[UPDATED] Local Mangoes Join Old Brown Ranch Meats at Second Farm-to-Table Dinner with Slow Food Grand Cayman

Our new print ad for Cayman Skies magazine (July-August issue) features the farm-to-table series and Grand Cayman's most popular summer season fruit. Mangoes are now just starting to fall on-island. That's chef Thomas modeling.

UPDATE: Thanks to Beth in Grand Cayman for this photo set from the dinner.  Looks like it was a really good time!

How does this menu sound? Java Plum White Wine Sangria; Pepper Pot soup with pumpkin, peppers, and callaloo; Crispy Lionfish Summer Roll with mango sauce; Braised Daikon Radish radish tops with toasted hazelnuts; Crispy Triggerfish Cake peperonata with roasted fennel aioli; Pan Roasted Local Snapper with Chinese longbean, baby bok choy, and bilimbi broth; Local Beef Milanese with Swiss chard, pumpkin, and ricotta salata; Local Porchetta braised callaloo; Wood roasted okra; and Mango coconut cream pie with coconut sherbet.

Guests to Saturday’s second Farm-to-Table Dinner will enjoy these dishes alongside the local farmers, including Caymanian rancher Paul Bodden, responsible for the ingredients.

The Boddens were one of the original English families to settle on Grand Cayman in the 1600s. The first capital of Grand Cayman was their namesake, Bodden Town.

“Paul came to April’s farm to table dinner,” explains our island chef Thomas Tennant of their first meeting.  “His farm is in the Lower Valley, and has been owned and in his family for four generations. He has a great reputation on island for being honest and straightforward.”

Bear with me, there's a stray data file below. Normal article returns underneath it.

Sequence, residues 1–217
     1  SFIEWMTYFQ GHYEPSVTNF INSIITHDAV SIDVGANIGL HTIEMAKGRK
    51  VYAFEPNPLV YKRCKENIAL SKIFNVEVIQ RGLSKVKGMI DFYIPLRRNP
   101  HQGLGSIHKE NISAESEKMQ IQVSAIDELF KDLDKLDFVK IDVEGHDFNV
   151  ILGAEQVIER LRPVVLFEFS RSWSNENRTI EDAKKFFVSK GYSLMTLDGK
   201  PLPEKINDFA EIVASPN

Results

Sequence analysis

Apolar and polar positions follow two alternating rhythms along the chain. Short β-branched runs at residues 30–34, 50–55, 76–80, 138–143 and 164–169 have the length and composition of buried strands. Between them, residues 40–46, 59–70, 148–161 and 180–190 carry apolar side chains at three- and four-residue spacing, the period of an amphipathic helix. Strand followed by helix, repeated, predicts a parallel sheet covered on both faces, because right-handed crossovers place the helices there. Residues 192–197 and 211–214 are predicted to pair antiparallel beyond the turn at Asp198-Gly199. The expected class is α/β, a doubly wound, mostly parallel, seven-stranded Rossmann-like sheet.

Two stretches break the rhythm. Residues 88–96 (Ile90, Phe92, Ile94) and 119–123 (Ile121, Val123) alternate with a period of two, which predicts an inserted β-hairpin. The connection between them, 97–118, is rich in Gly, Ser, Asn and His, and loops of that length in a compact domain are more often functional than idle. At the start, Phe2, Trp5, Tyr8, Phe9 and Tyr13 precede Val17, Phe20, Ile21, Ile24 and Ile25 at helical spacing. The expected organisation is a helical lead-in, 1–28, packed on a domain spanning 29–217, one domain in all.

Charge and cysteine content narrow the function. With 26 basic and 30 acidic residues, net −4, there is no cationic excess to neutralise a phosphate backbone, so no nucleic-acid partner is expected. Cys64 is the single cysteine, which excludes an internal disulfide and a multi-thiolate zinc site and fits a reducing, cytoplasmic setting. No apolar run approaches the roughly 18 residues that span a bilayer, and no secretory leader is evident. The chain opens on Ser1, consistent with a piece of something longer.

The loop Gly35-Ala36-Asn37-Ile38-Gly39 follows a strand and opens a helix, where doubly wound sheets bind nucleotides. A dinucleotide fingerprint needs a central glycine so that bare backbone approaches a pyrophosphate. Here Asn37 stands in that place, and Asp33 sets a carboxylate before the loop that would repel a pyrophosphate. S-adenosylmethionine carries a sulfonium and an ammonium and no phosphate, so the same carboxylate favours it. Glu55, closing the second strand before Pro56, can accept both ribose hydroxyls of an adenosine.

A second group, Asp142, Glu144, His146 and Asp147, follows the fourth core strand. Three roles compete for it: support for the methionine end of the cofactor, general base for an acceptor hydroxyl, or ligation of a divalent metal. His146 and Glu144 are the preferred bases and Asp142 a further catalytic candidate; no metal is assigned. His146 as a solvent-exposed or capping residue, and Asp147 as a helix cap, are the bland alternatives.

Although ranching has been in Paul’s family since the beginning, he has had a hand in many things from construction to auto repair.  Like some of our small farmers here in South Florida, raising cattle and pigs on Old Brown Ranch is more of a hobby that has been steadily growing into a fine-tuned operation for Paul.  He currently raises 180 cattle and 130 pigs on the 100 acre property and began selling to Kirk’s and Fosters Food Fair grocery stores about three years ago.  Michael’s Genuine Food & Drink Grand Cayman will be the first restaurant to carry his product.

Here chef Thomas trims and pounds an Old Brown Ranch ribeye for Saturday's Local Beef Milanese. He's been happy with the quality, which Paul has been working to improve by crossing different breeds on-property, including Pinzgauer, Red Angus, and Limousin.

Michael is currently on-island and accompanied Thomas yesterday to check out the local abattoir facility where Paul brings two to three cows at 300 pounds each a week to slaughter.  Thomas says the beef is lean and full-flavored, eating like grass-fed, although the animals are not exclusively pastured.

For more information on Saturday’s dinner, limited to 45 reservations, please call the restaurant at 345.640.6433.  Tickets are still available for CI$50 per person (CI $45 for Slow Food members) exclusive of gratuity, with wine pairings by sommelier Eric Larkee for an optional supplement of CI $20 per person.

One thought on “[UPDATED] Local Mangoes Join Old Brown Ranch Meats at Second Farm-to-Table Dinner with Slow Food Grand Cayman

  1. Pingback: This Little Piggy Went… in the Walk-in for a Year |

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